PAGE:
- Harassment and racism allegations have also been raised against young adult authors Taylor Barton/Brooklyn Ray and Kaelan Rhywiol. Charlie Knight discusses the issues around Rhywiol while Emery Lee covers the issues around Taylor Barton (who also writes under the pen name Brooklyn Ray). Other relevant comments include threads by Tash McAdam, Claribel A. Ortega, and Ray Stoeve. In response NineStar Press removed books by both authors. Taylor Barton eventually deleted their Twitter account, as did Kaelan Rhywiol.
- The comics industry has also seen a flurry of harassment allegations. Yesterday Shawna Gore said she was “assaulted, harassed, and retaliated against by Scott Allie” of Dark Horse Comics. Cameron Stewart and Warren Ellis have also been accused of predatory behavior while multiple people have likewise accused Jason Latour of harassment. Finally, Charles Brownstein resigned as the executive director of the Comic Book Legal Defense Fund because of a sexual assault from 2005. In response to all this, former Batman writer Tom King started the ComicsPledge against abuse, harassment, grooming, and manipulation.
- Foz Meadows explains why sexually loaded jokes or comments at conventions and elsewhere count as a form harassment.
- Catherynne M. Valente wrote two must-read threads on harassment issues in the genre. As she said, “Conventions & convention bars are professional networking spaces for writers & artists By sexualizing that space, you’re taking opportunities away from people who could be spending time with someone who values their work & not the use of their bodies for your temporary amusement.”
- In response to genre harassment issues, people are also discussing the need to change the barcon culture, in particular by creating “more networking spaces that don't involve alcohol.”
- Barnes & Noble has laid off many of their book buyers. Layoffs include SF/F and graphic novel buyer James Killen, who had been with B&N for 41 years.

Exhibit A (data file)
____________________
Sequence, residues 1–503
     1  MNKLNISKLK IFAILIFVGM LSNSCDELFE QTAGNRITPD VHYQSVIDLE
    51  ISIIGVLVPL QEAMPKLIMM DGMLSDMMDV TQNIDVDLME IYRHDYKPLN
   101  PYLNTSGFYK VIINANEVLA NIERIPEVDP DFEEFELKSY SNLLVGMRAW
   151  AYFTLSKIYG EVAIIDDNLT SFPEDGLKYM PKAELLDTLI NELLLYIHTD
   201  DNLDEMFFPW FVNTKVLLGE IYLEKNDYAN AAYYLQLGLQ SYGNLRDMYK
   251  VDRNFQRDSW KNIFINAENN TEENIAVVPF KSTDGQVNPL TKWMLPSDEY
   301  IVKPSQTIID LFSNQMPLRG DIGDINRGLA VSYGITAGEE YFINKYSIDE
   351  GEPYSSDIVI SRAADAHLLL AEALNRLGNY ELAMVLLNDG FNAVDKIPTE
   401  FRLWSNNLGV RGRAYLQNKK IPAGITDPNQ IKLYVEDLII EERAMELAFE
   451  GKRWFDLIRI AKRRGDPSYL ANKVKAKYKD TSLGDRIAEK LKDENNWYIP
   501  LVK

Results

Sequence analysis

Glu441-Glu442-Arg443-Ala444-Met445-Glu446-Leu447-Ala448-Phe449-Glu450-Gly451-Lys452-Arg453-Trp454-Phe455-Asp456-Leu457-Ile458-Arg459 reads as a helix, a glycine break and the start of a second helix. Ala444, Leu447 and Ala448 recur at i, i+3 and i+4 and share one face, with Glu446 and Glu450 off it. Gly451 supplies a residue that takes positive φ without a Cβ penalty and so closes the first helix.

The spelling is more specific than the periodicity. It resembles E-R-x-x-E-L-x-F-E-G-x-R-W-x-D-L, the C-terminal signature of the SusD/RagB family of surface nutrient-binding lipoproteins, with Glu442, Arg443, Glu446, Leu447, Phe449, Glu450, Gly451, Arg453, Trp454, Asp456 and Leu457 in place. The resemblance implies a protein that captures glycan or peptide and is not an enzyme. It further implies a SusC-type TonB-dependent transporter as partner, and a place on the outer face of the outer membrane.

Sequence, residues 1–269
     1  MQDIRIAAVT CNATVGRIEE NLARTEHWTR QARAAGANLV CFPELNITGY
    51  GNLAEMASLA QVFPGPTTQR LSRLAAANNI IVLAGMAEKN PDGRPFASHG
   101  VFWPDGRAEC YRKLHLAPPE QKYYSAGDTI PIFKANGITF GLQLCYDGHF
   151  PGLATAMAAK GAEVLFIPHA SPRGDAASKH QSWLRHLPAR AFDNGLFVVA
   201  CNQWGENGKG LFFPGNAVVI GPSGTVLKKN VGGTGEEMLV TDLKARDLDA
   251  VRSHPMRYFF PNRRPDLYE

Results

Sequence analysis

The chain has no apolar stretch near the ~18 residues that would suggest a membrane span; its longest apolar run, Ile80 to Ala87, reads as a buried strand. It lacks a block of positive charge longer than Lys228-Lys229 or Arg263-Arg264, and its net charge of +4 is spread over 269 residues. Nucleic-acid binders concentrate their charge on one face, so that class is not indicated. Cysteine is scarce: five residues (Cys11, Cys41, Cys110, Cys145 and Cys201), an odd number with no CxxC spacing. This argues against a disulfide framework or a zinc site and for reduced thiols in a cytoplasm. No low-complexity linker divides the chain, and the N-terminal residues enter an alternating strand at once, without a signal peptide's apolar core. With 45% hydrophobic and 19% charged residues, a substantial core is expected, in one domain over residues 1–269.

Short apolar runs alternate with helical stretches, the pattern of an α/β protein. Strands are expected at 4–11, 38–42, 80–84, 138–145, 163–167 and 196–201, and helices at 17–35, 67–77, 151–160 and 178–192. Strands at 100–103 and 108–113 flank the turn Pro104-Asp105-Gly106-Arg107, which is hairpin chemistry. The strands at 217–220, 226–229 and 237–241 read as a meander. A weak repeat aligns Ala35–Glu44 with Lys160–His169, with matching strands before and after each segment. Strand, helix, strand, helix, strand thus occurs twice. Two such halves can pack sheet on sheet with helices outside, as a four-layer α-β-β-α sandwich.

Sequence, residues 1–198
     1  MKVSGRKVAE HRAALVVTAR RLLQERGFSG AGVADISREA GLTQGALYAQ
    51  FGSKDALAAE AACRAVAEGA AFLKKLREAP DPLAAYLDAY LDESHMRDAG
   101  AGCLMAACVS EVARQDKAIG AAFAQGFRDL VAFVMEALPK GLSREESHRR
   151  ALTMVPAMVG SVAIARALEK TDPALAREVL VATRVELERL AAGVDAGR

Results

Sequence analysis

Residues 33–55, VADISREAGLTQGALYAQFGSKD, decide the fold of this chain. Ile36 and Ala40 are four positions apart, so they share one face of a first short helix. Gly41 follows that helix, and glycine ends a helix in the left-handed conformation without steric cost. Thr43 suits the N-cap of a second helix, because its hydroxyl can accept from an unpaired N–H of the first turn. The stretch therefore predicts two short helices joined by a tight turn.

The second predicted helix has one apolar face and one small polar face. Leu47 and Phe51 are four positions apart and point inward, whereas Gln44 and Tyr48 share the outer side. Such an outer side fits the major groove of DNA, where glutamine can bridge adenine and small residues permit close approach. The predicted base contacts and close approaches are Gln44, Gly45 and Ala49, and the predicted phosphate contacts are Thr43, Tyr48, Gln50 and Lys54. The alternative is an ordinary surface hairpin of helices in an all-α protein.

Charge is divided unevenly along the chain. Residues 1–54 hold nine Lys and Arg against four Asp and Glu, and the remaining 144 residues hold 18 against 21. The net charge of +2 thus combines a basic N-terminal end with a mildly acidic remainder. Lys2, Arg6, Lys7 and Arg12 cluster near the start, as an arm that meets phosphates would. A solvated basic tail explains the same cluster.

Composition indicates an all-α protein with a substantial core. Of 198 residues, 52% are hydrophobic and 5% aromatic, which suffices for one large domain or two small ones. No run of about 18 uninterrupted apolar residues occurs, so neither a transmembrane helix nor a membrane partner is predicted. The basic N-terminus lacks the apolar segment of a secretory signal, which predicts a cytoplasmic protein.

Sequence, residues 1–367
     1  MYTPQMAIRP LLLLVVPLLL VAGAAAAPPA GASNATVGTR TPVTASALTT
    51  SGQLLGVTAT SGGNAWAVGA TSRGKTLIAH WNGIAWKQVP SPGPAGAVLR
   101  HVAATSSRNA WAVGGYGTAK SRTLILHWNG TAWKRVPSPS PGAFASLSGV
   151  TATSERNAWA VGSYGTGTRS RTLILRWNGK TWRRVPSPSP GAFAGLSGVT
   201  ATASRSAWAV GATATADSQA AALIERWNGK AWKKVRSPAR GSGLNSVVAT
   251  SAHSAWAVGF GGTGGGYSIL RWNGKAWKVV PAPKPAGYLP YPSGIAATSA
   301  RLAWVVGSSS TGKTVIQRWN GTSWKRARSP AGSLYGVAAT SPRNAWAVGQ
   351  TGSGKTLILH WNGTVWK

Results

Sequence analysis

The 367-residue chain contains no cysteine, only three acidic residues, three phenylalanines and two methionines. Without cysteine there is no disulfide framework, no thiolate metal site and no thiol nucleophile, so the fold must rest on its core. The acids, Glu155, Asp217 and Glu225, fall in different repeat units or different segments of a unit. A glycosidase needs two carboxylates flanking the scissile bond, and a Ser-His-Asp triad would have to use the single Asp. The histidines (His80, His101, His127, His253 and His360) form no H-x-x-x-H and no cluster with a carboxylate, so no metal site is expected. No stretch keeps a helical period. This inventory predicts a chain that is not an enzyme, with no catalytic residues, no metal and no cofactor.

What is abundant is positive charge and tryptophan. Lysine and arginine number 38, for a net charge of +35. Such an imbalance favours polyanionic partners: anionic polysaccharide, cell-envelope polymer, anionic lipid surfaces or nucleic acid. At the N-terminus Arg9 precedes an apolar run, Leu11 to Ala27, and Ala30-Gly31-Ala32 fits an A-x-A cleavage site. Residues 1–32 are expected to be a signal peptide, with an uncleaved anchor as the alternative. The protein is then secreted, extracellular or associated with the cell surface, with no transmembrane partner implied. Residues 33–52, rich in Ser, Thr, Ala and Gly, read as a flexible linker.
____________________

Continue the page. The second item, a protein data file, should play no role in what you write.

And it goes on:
- After the Internet Archive closed its Temporary National Emergency Library in response to a lawsuit brought by publishers, a number of "digital radicals" attacked Chuck Wendig, blaming him for the closure. As Wendig wrote, “I am not for destroying the Internet Archive … I have not advocated for that, nor am I involved in any lawsuit that would have that effect. It's not well-off-white-guys who get hurt by non-compensation, btw -- we usually do okay. It's everybody else.” Wendig later locked his Twitter account because of attacks and threats. Other good comments on all this from Silvia Moreno-Garcia, Nick Mamatas, and N. K. Jemisin.
- Justina Ireland warns that “if you are a Sensitivity Reader and you are approached by Quiethouse Editing, please do NOT sign a contract with them. Those rate are terrible.” Ireland adds more details here.
- Vox covers the ugly history of racism in the romance genre, and how things are finally changing.
- Karen Lord has a very good thread on literary agents and others in publishing opening their DMs to pitches from Black creatives.
- George R.R. Martin says he's making steady progress on The Winds of Winter but added “It’s going to be a huge book, and I still have a long way to go.”
- The GoFundMe to help Uncle Hugo’s Bookstore has raised nearly $150,000 of their half-million goal.
- Clarkesworld shares charts showing the magazine’s submissions by genre and their international submissions by year since 2008
- Excellent and moving essay by Brandon Taylor on managing private anxiety in a very public pandemic.
- The Clarke Award shortlist has been released.
- Hillary Monahan shares screen-shots discussing racial issues around horror publisher Tell-Tale Press, owned and operated by Andrea Dawn.
- Progress: We finally have a female Orson Scott Card.
- Locus is looking for new reviewers and strongly encourages Black and Indigenous applicants, as well as people from other marginalized communities. Details>>
- The RWA is offering scholarships for their upcoming virtual conference. Details>>
- If There's Anyone Left is searching for flash speculative fiction from marginalized members of the sci-fi/spec community. Details>>